Java has an abundance of logging frameworks, none of which are perfect. Many libraries depend on one or more of these frameworks but also have dependencies who depend on a different one. These dependencies can cause conflicts and be very irritating to solve.

Quick Start: Using Logback

If you don't want to spend much time worrying about logging, it's probably easiest to just include the Logback JAR along with your application.

Logback is a powerful and flexible framework. To configure it, simply include a "logback.xml" file on your classpath. The following contents may be placed in this file to simply log at a suitable level to the console:

<configuration scan="true" scanPeriod="30 seconds">

	<appender name="STDOUT" class="ch.qos.logback.core.ConsoleAppender">
		<filter class="ch.qos.logback.classic.filter.ThresholdFilter">
			<level>INFO</level>
		</filter>
		<encoder>
			<pattern>%d{yyyy-MM-dd HH:mm:ss.SSS} [%thread] %-5level %logger{36} [%file:%line] %msg%n</pattern>
		</encoder>
	</appender>

	<root level="INFO">
		<appender-ref ref="STDOUT" />
	</root>

</configuration>

For more detail on how logging can be configured, see the following section.

Configuring HAPI's Logging - SLF4j

Logging arch diagram

HAPI uses SLF4j for all internal logging. SLF4j is a "logging facade" framework, meaning that it doesn't actually handle log output (i.e. it isn't actually writing log lines to disk) but rather it is able to delegate that task to any of a number of underlying frameworks (e.g. log4j, logback, JDK logging, etc.)

This means that in order to successfully log anything, you will need to add two (or three) dependency JARs to your application:

  • slf4j-api-vXX.jar: This is the SLF4j API and is neccesary for HAPI to function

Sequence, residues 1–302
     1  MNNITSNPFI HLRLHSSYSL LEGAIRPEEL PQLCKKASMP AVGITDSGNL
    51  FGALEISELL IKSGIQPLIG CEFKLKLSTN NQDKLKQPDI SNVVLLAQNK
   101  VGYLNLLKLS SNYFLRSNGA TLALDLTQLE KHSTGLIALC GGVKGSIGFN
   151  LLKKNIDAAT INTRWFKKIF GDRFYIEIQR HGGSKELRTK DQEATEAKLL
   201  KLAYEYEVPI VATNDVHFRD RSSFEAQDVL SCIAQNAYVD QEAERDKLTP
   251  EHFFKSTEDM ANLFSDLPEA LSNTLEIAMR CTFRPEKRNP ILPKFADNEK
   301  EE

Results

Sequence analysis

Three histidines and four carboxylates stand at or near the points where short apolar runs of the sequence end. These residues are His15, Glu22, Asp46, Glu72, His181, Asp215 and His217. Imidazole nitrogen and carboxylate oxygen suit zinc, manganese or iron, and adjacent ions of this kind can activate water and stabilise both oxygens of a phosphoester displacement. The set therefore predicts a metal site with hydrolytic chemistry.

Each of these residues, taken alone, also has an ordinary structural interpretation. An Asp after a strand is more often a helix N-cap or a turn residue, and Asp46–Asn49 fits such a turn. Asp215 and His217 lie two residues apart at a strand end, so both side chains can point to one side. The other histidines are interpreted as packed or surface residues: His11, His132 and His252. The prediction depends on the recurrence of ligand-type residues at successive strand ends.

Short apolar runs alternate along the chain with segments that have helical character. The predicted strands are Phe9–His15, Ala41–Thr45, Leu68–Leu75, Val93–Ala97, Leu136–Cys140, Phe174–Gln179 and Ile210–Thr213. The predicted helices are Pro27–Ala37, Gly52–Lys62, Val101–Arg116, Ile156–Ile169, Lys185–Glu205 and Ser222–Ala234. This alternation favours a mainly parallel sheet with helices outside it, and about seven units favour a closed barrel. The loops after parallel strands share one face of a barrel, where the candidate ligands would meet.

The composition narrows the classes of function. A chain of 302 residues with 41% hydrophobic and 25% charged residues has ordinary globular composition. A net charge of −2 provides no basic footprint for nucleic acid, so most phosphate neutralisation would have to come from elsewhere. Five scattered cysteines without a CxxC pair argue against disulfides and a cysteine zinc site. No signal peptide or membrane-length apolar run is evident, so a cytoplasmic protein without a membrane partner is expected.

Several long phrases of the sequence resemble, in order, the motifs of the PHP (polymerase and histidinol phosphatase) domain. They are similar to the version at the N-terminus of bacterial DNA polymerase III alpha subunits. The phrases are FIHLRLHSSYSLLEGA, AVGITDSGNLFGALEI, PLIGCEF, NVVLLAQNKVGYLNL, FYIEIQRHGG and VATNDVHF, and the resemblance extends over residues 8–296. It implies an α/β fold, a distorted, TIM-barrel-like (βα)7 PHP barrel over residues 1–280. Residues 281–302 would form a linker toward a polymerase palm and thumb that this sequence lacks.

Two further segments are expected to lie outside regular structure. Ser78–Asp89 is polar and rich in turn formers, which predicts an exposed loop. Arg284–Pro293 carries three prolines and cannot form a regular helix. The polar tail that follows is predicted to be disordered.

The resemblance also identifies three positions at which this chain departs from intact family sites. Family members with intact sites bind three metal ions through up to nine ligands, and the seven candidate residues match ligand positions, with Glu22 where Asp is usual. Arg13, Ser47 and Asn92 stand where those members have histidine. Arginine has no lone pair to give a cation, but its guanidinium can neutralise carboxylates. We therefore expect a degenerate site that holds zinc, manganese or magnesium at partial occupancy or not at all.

• An actual logging implementation, as well as its SLF4j binding. For example:
    • The recommended logging framework to use is Logback. Logback is absolutely not neccesary for HAPI to function correctly, but it has a number of nice features and is a good default choice. To use logback, you would include logback-vXX.jar.
    • If you wanted to use log4j you would include log4j-vXX.jar as well as slf4j-log4j-vXX.jar. Log4j is a mature framework that is very widely used.
    • If you wanted to use JDK logging (aka java.util.Logging) you would include slf4j-jdk14-vXX.jar. JDK logging is included with Java but is not particularly full featured compared to many other frameworks.

Commons-Logging

Logging arch diagram

Note that HAPI's client uses Apache HttpComponents Client internally, and that library uses Apache Commons Logging as a logging facade. The recommended approach to using HAPI is to not include any commons-logging JAR in your application, but rather to include a copy of jcl-over-slf4j-vXX.jar. This JAR will simulate commons-logging, but will redirect its logging statements to the same target as SLF4j has been configured to.

The diagram at the right shows the chain of command for logging under this scheme.

Note that some popular libraries (e.g. Spring Framework) also use commons-logging for logging. As such they may include a commons-logging JAR automatically as a transitive dependency in Maven. If you are using jcl-over-slf4j and it isn't working correctly, it is often worth checking the list of JARs included in your application to see whether commons-logging has also been added. It can then be specifically excluded in Maven.


Client Payload Logging

To enable detailed logging of client requests and responses (what URL is being requested, what headers and payload are being received, etc.), an interceptor may be added to the client which logs each transaction. See Logging Requests and Responses for more information.

Server Request Logging

To enable detailed logging of server requests and responses, an interceptor may be added to the server which logs each transaction. See Logging Server Requests for more information.

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